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The Dartmouth
April 20, 2024 | Latest Issue
The Dartmouth

Reflection: On Hookup Culture, Fun Dip and the Underrated Joy of Platonic Love

One writer reclaims Valentine’s Day as an excuse to celebrate neglected forms of platonic love.

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It’s Feb. 14, which means the Dartmouth listserv has been teasing me with its annual, obnoxious onslaught of catfish flitzes all week. One more subject line in the realm of “are you extremely alone?” or “heart-shaped pizza for fucked attachment styles in Common Ground,” and I’ll hit reply all. Yes, I’m alone. No, I don’t want to drink pink lemonade and talk about it. Thanks for flooding my inbox, though. 

Writing for the magazine section of your college newspaper is tough when it’s Valentine’s Day and you refuse to reflect on the dire state of campus love. Early in my journalism career, I made the conscious decision to avoid writing about love. I dealt with this predicament last year by publishing a copout “Love Letter to Dartmouth.” I didn’t feel like intellectualizing past romantic stints and the premise of articulating my broader frustrations with hookup culture bored me. This was for a few, very tangible reasons.

One, it’s low hanging fruit: To critically dissect hookup culture is to state the obvious. Bonus points if you take a feminist angle to your analysis — who could have guessed that it benefits the guy? 

Two, for self-protection: I’m envisioning a deck along the lines of “this week, one writer copes with her loneliness by reframing unlovability as a universal phenomenon — the article now comes up every time you search her name into Google.”

Three, my female fatigue: Allocating 800 words towards unpacking male apathy is a dumb journalistic endeavor when you’re already tired of thinking about boys. 

Sorry, I don’t mean to come off as bitter. Believe it or not, I actually love Valentine’s Day. I’ll take any excuse to eat dark chocolate, write love poems, wear pink and watch “Before Sunrise.” I just tire of the “single on Valentine’s Day” rhetoric, where girls sulk about being “sad and alone” only to neglect to appreciate the role that platonic and familial love plays in their life. National “Fixate on Your Lack of a Boyfriend and Disregard Female Friendships” day is the holiday shoved into my inbox, social media feed and local CVS every year. Can you blame me for refusing to celebrate?

I miss the wholesome elementary school years when every student in the grade hand-wrote a Valentine for each of their classmates with an attached piece of candy. Why did we stop celebrating friendship? When did we ditch the fun dip and start privileging amorous forms of love over all others? (Probably when Walmart learned that romance commercializes better than friendship. But maybe I better leave that one rhetorical…)

I’m at that age where my friends and I constantly ruminate over boys. Trying to understand what they think, if they think, why they haven’t texted back and the nuanced differences in subtext between a “hey” and a “what’s up.” It’s exhausting and pathetic, especially when you realize the attention we allocate toward our schemes goes largely unreciprocated.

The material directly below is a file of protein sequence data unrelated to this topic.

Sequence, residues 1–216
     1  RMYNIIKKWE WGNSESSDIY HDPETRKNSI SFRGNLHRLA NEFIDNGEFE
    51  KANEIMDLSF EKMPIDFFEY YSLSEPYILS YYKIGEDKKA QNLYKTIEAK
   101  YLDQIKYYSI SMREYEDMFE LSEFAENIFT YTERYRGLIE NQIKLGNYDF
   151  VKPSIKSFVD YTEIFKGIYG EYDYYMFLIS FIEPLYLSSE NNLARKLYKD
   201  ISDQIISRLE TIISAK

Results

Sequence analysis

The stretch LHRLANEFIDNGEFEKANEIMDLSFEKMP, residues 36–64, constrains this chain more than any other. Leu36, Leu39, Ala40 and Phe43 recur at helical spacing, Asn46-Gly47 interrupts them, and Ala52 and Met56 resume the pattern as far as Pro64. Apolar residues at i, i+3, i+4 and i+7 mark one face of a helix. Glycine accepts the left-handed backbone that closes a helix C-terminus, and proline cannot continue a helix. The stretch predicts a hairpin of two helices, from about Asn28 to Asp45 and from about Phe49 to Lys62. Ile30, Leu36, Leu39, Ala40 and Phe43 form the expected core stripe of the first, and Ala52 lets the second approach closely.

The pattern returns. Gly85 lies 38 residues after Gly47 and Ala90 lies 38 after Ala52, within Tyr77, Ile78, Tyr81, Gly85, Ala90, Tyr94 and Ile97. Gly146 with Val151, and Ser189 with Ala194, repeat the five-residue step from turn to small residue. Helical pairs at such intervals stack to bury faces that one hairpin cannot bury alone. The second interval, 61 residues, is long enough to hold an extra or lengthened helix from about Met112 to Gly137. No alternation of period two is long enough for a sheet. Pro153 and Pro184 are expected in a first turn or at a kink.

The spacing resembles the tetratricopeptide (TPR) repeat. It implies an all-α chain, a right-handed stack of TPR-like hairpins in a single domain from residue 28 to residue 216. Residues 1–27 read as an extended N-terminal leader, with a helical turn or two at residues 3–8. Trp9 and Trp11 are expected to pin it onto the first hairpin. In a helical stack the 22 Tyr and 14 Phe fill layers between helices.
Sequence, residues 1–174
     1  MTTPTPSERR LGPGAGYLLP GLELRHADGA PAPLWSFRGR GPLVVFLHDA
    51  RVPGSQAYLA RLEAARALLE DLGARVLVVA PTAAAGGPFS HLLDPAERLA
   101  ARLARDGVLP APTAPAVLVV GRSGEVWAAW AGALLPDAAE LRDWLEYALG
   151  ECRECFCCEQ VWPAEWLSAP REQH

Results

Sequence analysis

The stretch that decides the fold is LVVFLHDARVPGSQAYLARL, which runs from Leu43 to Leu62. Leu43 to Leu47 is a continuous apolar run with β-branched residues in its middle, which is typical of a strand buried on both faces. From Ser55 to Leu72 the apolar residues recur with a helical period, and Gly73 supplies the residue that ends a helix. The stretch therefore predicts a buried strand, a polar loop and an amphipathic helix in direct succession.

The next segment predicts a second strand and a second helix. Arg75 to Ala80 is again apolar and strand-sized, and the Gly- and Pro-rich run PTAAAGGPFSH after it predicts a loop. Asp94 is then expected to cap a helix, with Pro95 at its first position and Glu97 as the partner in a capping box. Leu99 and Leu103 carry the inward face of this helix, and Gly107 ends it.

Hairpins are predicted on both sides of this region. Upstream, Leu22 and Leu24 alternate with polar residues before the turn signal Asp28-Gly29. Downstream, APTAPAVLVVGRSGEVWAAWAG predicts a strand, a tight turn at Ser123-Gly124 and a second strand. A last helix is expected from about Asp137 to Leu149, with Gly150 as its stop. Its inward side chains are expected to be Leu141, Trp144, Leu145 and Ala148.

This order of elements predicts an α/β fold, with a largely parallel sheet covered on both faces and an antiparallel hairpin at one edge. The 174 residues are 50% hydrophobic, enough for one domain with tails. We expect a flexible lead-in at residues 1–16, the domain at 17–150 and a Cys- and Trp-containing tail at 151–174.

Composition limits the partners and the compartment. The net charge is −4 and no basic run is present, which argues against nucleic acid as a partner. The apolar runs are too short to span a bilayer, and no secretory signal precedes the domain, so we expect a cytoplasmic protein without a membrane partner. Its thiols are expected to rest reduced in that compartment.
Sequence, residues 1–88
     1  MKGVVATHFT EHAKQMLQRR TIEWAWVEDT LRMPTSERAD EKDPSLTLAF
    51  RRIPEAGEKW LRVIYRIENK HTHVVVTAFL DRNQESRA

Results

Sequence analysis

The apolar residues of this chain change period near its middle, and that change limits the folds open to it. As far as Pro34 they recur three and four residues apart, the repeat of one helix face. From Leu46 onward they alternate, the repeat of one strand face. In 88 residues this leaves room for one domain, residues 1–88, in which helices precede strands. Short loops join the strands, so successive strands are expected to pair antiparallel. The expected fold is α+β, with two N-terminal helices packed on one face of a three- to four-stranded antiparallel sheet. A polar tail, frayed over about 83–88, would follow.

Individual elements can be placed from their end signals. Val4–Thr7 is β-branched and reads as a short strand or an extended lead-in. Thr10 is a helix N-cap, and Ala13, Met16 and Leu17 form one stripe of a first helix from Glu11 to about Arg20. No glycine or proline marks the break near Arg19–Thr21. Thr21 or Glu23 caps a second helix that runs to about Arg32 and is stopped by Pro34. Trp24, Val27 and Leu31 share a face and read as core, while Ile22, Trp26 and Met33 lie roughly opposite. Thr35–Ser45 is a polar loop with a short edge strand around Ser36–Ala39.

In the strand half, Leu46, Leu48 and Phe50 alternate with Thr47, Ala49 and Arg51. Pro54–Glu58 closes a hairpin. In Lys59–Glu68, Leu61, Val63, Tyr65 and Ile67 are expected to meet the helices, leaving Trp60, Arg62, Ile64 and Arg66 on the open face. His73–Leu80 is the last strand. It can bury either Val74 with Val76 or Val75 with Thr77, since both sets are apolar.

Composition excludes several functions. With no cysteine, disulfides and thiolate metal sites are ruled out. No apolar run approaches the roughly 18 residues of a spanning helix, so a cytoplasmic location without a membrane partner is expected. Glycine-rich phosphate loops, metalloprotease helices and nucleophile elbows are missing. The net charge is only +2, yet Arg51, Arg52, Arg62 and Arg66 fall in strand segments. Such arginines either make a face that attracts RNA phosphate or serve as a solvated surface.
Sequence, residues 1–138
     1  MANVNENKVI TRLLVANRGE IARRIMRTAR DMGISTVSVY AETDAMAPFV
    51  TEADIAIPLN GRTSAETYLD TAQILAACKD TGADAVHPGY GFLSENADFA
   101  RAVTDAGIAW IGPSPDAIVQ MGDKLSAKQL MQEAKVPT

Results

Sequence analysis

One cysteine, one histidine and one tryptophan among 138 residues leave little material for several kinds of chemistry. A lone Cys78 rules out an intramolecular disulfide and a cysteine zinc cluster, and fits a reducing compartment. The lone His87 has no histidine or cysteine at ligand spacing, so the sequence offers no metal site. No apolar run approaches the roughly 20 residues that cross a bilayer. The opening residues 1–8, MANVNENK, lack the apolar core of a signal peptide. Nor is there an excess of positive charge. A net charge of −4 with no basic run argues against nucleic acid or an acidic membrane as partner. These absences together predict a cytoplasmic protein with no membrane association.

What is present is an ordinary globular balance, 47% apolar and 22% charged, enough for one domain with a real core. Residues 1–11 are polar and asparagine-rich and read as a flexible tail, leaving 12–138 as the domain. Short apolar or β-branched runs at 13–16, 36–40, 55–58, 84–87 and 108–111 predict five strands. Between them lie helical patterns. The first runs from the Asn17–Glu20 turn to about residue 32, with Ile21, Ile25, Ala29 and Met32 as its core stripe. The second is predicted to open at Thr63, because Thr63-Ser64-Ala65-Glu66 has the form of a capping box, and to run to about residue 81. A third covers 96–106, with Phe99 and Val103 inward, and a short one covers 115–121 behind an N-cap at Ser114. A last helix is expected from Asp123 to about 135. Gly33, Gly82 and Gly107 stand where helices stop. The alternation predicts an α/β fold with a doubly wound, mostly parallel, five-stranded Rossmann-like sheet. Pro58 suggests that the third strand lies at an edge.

For a while, I thought the solution to my preoccupation with male validation was giving up on the pursuit of intimacy all together. But, as pathetic as centering my life around romance is, so is entirely eliminating the possibility of a relationship at the young age of twenty. Like, who hurt me?

Every time I grab a meal with a girlfriend, I anticipate the inevitable moment when she asks who I have my eyes on. At Dartmouth, I feel boring when I’m not actively pursuing anyone. When so much of girl-to-girl small talk is predicated around men, discussing potential schemes comes to bear its own, unique form of social currency. To not have a scheme is to be no fun, or even a little socially inept. 

The problem is, I’m too interesting of a person for the initials of a prospective hookup to be the first (ok so realistically third) topic of conversation over breakfast, lunch or dinner. We all are. Talk to me about my Israel-Palestine class, where I’ve developed a nuanced take on a) the disheartening plausibility of a two-state solution and b) the arrogance of government majors, instead. Ask me which dining hall is the most neoliberal, and I’ll explain to you why it’s Collis. Need a movie recommendation? Tarot reading? Makeover? I got you. Allow me to recite my monologue on the power of mixing perfumes, it often extends a beat too long but bears incredible wisdom. Please, for the love of (Sun)god, just don’t reduce my entertainment value to the name of a man. 

This Valentine’s Day, I look forward to celebrating the abundance of fulfilling female friendships in my life over fruity drinks and al dente pasta, and not in a sad Bridget Jones way. Usually, this is where I’d insert a self-deprecating joke about how I’m forced to do this by default. But no, I’m genuinely psyched to cook vodka rigatoni, listen to Elvis ballads as the water boils and hand-write love letters to my friends abroad. Whether you are in a committed relationship, or not, I encourage you to tell your friends how much they mean to you this Valentine’s Day. We really don’t do it enough.